It’s March already. It arrived a little late this year because of Leap Day, although it seems the first two months of 2012 have passed at the speed of light. And speaking of light, on March 11th, we will all lose an hour of sleep to pick up extra sun at the end of the day. I guess the exchange is worth it.
March is actually named after a rather angry fellow, Mars, the Roman god of war, and it is known for madness, hatters, hares and ides.
It is also the month Dennis and I chose to get married. In fact, our anniversary falls exactly on the Ides of March, the date when Brutus murdered his friend, Julius Caesar. Brutus must have been madder than a March hare. Is this a bad omen? Not necessarily, although we tend to avoid asylums, haberdashers, the Senate, and senators, especially on an election year.
It was nice to have leap day, a bonus 24-hour respite to catch our breath. We invested that extra time NOT going to the Huntsman. Not going certain places is nice, especially when we had been there so many times this past week. I admit I began to understand the probable cause of Mars’ anger.
Last Friday, Dr. Sharma arranged to have Dennis’ portacathe removed, suspecting it could be the source of the abscess on his liver. Having an adversarial relationship with abscesses on livers, we ratified that recommendation and showed up on the doorstep of HCH early in the morning…fasting.
A very competent doctor entered the exam room as the designated predatory surgeon. By virtue of its simplicity, I was invited to remain in the room for the procedure. The nurse asked me if I would be all right, since they were just going to inject some xylacaine to deaden the surrounding area. No big deal.
Oh puhhhleeeeze! After everything we’ve been through, nothing bothers me. Besides, I wanted Dennis to have the benefit of the potent power of my presence to give an aura of strength and stability. The doc had me at, “Now this is a pretty simple procedure.” I opted to stay.
I mean, how bad could it be? I would simply avert my eyes by reading an out-of-date smut mag (in this particular issue, Brad Pitt and Jennifer Aniston were still together) and go to an alternate universe for the duration.
There were just two teeny weeny problems I had not factored in to my decision.
- I had not eaten.
- Because Dennis is a physician, the doctor felt compelled to deliver a play-by-play account of what he was doing in maniacally graphic detail.
So, while I could avert my eyes, I could not avert my ears.
The first thing I heard was, “Now Dennis, you’ll feel a little poke and then a slight burning sensation.” I realized at that point I had made a very bad decision. I wanted to adopt my daughter Erin’s technique of cupping her hands over her ears and shrieking “LA LA LA LA LA! I’m not LISTening!” when I tried to tell her the facts of life.
“A little poke??!!!” I heard a puncture and the nauseating sucking sound of a plumber’s friend being plunged into a backed-up sewer pipe. He must have been using the trident of Beelzebub!
“A slight burning sensation??!!!” The flames of the underworld flared up from the depths of Hades licking at my pant legs and threatened to engulf the entire third floor. What a backdraft!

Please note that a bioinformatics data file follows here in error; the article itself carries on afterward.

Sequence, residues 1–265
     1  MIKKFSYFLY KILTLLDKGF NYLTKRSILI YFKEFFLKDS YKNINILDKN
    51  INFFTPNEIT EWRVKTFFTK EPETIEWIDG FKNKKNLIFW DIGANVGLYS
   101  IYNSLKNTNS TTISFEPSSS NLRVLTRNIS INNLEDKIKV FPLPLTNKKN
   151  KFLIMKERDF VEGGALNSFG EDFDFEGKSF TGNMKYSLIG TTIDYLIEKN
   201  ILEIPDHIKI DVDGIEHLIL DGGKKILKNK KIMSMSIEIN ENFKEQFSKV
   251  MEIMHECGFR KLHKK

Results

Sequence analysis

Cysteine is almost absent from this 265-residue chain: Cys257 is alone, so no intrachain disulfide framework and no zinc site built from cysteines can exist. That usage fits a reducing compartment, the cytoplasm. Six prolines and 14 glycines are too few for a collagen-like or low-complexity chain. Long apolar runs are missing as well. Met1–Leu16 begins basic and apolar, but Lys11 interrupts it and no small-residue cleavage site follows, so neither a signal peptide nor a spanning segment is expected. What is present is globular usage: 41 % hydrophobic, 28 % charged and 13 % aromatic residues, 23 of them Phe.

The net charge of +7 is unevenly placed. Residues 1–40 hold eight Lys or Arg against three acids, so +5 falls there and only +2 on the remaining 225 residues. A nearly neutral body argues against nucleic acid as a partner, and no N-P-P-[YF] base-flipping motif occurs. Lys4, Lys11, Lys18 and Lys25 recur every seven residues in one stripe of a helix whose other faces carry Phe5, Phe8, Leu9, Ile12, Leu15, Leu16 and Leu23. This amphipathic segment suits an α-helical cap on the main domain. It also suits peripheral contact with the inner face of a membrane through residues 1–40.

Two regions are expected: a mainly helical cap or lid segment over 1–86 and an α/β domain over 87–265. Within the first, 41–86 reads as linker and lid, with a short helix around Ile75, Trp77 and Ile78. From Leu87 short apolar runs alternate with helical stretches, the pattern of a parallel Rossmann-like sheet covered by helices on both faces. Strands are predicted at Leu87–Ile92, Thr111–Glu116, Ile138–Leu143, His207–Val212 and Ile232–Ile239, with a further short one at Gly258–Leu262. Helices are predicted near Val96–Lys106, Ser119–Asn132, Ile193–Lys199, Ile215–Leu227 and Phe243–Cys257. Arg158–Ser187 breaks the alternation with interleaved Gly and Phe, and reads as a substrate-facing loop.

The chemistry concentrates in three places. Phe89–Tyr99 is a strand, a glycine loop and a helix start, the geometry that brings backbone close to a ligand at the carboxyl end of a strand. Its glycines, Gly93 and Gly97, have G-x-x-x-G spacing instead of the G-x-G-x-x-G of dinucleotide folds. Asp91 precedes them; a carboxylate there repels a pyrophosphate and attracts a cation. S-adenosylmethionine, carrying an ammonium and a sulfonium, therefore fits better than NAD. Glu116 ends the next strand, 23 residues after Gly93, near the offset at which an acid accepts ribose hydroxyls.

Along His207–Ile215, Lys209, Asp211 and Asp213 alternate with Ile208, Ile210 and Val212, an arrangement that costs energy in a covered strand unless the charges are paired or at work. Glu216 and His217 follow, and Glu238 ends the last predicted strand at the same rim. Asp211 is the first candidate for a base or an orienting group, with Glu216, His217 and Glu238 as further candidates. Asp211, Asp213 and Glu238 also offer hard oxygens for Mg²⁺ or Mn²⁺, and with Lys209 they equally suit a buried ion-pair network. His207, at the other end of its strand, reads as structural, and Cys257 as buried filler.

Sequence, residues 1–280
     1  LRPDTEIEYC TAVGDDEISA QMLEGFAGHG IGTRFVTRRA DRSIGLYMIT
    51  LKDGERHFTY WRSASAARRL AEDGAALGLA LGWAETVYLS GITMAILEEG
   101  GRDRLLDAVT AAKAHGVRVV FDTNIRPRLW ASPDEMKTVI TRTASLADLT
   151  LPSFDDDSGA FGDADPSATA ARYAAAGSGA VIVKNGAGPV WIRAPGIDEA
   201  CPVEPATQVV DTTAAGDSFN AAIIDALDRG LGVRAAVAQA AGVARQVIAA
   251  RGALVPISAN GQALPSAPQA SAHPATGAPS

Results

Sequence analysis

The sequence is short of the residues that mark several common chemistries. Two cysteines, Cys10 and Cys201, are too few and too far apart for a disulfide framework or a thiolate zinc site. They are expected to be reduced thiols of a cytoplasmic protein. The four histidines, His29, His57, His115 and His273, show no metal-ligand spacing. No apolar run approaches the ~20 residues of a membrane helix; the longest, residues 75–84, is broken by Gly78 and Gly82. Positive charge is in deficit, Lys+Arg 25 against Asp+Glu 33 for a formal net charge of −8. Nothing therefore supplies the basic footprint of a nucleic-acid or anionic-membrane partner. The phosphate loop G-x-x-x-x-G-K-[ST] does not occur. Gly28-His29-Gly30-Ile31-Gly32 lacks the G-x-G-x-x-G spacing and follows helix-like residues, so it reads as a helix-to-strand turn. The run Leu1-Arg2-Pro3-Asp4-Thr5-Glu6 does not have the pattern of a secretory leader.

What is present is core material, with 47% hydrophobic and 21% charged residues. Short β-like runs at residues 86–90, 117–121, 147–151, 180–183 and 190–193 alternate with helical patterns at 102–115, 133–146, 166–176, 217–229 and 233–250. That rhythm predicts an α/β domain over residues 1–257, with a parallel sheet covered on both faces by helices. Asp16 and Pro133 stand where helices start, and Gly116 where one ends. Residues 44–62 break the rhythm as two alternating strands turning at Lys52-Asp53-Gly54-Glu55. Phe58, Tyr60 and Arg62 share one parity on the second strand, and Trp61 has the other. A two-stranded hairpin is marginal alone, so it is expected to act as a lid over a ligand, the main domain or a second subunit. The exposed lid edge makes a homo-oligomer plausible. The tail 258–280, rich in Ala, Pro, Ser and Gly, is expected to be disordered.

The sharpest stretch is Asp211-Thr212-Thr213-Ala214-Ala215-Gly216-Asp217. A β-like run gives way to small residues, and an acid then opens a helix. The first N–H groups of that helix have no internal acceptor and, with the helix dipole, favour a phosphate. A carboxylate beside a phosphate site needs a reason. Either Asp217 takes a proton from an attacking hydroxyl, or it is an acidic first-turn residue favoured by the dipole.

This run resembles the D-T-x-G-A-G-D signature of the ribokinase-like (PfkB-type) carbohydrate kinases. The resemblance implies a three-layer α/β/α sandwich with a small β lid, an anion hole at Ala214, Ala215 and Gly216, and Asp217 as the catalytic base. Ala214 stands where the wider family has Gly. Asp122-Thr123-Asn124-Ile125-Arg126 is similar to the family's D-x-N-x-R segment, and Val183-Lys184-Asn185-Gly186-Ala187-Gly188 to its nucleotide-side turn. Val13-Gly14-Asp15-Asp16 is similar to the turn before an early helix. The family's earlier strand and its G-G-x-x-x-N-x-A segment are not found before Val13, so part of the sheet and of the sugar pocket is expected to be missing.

This good surgeon, who no doubt was valedictorian of his graduating medical school class because of his gymnastically acute verbal descriptive prowess, then announced he was going to make a slight incision at the port site.
What I heard was, “And now I will open a gaping cavernous wound which will hereafter be known as The Yawning and Cavernous Black Hole with the gravitational sucking power capable of engulfing the entire universe into everlasting darkness.”
Even his ornate medical terms could not obscure the facts of this “simple little procedure.” Dennis uttered not a word. No doubt his hearing was impaired.
The doctor then referred to a “scalpel,” but I testify I heard a Samarai sword slash through the air with predatory force cleaving the atmosphere in two as his voice went all “Miss Piggy” screaming “HYYYYYYY-YAH!” Never allowing my eyes to wander from the magazine, I had no doubt he was conducting a total evisceration.
The metal tray was heavy with scalpels and adhesives, giving a whole new meaning to “cut and paste.” And he described shades of pulsating pink, evoking images reminiscent of internal organs at work. I was sure the incision would have the bite radius of a Great White. The room was suffused with the fusty aroma of alcohol and something orange and pungent.
In the wild excess of self-indulgent narcissism, I noticed the room getting smaller and swaying slightly, as if it had been chloroformed. The nurse thought I looked pale. I explained I was just extremely blond.
I tried channeling my inner Whitney by belting out “They can’t take away my dignity!” Apparently, they can.
I exited the room clinging tightly to Dennis’ arm…so he wouldn’t fall. He endured the ordeal well, which restored our credibility.
But the next time I’m invited to listen to a procedure, I’m going to eat breakfast, get REALLY angry, and then go to a universe far, far away, where there are no ides, hares, madness or senators.